What are Whole Foods?

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  • Written By: N. Madison
  • Edited By: Bronwyn Harris
  • Last Modified Date: 15 October 2019
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Whole foods are foods that are as close to their natural or original states as possible. This means they have not been processed or refined. It also means they are free of additives, such as colorings and preservatives, and they have not been modified. To understand a whole food, consider beef. A roasted portion of beef that has not been processed, modified, or added to can be considered a whole food; a hot dog, however, does not fit in this category.

There are whole foods in many different categories. Fruits and vegetables are good examples of whole foods. Nuts, seeds, beans, lentils, and peas also make the grade. Milk and eggs can be included in this category, as can meats, poultry, and fish. However, all of these things are excluded when processing, except for pasteurization, takes place and additives are included.

One reason to choose whole foods over their processed counterparts is nutritional intake. Often, as a result of processing, important vitamins and minerals are lost, and the food may become less healthy. Even things like fiber and water can be diminished through processing and refinement, making the food significantly less useful for the body.

While processing and refinement takes away some things the body needs, it also tends to add things in. All too often, these things are bad for a person's health. For example, processed foods often contain artificial coloring, flavorings, and preservatives. Many people believe these things are damaging to the health.


Even when a person is unsure whether a particular additive is unhealthy, he can be sure of one thing: the body does not need it. At best, consuming such additives puts something unnecessary into the body. At worst, consuming them leads to impaired health and possibly even diminished cognitive function. Some additives have even been linked to hyperactivity and diminished attention spans in children.

Another benefit whole foods offer over processed choices is the lack of added sugar and sodium. Obesity is a problem in some countries, a fact that is probably influenced by the added sugars in the foods we eat. While whole foods can contain natural sugar, they typically have less than that found in processed selections. Additionally, many argue that natural sugars are better for the body than processed sugars added back into foods. Likewise, excess sodium can contribute to health problems, such as high blood pressure, and many processed foods are high in sodium.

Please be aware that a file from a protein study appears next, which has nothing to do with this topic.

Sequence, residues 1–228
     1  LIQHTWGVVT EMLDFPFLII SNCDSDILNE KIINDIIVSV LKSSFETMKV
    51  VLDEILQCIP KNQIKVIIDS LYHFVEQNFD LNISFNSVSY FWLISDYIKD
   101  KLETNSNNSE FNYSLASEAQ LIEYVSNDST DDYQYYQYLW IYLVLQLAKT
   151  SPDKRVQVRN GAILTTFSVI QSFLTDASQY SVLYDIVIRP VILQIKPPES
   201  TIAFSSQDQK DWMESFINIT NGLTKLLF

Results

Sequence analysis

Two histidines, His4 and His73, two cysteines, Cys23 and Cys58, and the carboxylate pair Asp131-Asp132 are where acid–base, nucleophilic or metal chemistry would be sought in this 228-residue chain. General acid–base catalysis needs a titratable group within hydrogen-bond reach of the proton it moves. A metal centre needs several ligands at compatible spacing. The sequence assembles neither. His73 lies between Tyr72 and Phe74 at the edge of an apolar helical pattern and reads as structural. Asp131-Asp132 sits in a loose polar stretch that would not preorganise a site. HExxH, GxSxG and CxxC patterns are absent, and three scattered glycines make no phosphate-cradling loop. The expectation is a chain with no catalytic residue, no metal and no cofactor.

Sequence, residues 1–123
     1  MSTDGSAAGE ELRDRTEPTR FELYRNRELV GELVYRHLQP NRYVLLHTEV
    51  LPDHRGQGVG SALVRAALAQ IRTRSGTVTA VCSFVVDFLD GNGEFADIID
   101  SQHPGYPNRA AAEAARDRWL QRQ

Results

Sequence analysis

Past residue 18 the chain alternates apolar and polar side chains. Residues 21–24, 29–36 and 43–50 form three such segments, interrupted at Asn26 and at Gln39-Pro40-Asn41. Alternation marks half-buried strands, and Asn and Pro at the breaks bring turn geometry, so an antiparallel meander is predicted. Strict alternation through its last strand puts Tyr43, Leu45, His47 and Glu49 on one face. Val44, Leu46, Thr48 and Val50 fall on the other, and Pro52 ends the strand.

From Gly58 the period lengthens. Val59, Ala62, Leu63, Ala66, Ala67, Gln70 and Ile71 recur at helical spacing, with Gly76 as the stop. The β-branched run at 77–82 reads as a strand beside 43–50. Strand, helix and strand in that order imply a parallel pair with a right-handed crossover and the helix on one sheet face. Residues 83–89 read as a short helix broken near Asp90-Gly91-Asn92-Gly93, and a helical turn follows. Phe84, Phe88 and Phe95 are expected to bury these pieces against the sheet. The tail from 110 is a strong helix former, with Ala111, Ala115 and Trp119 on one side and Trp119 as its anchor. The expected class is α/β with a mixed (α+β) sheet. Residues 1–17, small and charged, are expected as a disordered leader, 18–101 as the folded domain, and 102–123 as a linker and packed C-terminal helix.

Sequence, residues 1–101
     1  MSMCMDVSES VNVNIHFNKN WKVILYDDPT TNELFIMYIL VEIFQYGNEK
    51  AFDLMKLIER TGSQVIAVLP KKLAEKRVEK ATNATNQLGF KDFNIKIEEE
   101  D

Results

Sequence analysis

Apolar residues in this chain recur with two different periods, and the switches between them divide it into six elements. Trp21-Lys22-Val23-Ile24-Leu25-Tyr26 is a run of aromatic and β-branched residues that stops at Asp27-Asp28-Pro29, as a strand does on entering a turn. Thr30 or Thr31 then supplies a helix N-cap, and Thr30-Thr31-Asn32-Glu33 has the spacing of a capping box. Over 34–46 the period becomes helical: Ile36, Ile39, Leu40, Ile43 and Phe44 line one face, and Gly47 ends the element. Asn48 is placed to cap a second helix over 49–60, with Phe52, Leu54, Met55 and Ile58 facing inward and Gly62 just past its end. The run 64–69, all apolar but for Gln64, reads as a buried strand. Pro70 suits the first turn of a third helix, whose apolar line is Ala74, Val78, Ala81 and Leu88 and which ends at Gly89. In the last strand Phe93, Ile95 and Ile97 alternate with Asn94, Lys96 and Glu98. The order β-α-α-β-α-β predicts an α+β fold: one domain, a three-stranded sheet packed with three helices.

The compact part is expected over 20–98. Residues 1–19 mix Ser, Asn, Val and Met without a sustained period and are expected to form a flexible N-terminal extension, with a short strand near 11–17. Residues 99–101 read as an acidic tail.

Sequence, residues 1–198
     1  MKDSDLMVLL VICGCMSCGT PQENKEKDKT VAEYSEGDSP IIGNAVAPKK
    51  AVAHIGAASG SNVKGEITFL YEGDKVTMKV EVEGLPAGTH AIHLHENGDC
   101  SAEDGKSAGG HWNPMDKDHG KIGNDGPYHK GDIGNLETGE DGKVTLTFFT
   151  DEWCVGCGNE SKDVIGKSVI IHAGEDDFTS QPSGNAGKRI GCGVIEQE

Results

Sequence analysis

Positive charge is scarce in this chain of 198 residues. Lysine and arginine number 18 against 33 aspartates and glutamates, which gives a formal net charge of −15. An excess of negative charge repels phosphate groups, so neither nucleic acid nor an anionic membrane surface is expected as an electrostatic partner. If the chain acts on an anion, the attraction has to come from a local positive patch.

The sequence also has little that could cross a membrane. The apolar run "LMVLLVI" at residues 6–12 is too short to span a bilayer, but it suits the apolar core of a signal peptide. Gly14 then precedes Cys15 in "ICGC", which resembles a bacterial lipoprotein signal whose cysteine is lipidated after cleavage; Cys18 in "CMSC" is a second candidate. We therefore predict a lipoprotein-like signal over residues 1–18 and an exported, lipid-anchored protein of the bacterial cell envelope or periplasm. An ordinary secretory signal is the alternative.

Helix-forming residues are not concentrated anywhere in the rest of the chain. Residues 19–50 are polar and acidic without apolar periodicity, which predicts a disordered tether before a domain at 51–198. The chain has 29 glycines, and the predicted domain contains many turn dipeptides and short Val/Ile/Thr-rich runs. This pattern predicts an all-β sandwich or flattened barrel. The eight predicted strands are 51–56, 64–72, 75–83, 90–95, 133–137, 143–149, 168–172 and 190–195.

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Post 5

I think the pasteurization process is a precautionary step. While raw, whole milk can (for the most part) be safely shipped and consumed these days, that was not the case in prior years.

It is now a standard in most places to pasteurize milk products; it's simply a throwback to when food safety wasn't as strong as it is today. By definition, pasteurization is the process of heating and cooling. It does not separate cream from milk. It does not mix up cream and milk (that's called homogenizing). Fortifying milk with vitamin D is also a throwback from the days when children suffered from rickets.

Post 4

@aishia: I'd be willing to bet it's because people have pasteurized milk for so long it's a more accepted form of processing. Almost everybody drinks pasteurized milk unless they order direct from a whole foods grocer like you, so pasteurized milk is considered "normal" milk and people are out of touch with what "real" milk is at this point. Anybody else agree that people had healthier diets back when families all had their own family cow for milk?

Post 3

Ooh, interesting subject here! I have a question -- why isn't pasteurization considered processing? When milk is pasteurized, it's boiled and stirred up and they separate the cream from the rest of the milk and then they only add back in a certain amount of cream (which is why you know your store-bought milk contains a certain percent of fat.) And as hanley79 and seHiro are saying before me, milk has added vitamins and minerals that weren't in the original substance, too.

As somebody who relies on whole foods delivery and drinks whole raw organic milk, let me tell you, store-bought pasteurized milk isn't even the same substance. Why isn't all of that milk pasteurization fiddling counted as processing?

Post 2

@hanley79: I know what you're talking about. I think this is a marketing campaign to make processed foods seem healthier so that people will still opt to buy them more than the whole foods. Fact of the matter is, processed foods are cheaper to produce and keep better because they're full of additives like preservatives, so the companies can make more money off of them and want consumers to want them. Whole foods cost more to make, but are better for you. The enrichments give me the same concern as vitamin pills: human beings are meant to absorb their vitamins and minerals through whole foods, and often the same vitamins in whole food form absorb into the body way better than they do in pill form or -- I suspect -- food additive form.

Post 1

While it is true that whole foods contain natural vitamins and minerals that are removed in the various processing procedures done to food these days, aren't most foods enriched to have as much if not more vitamins and minerals added back in? A lot of the foods and even milk and such that I see in stores are enriched with vitamin D, vitamin C, calcium and other vitamins and minerals. Now things like preservatives and ridiculous amounts of sodium are unnecessary, I agree, but I think that enriched foods are comparable to or superior to whole foods in vitamin and mineral content.

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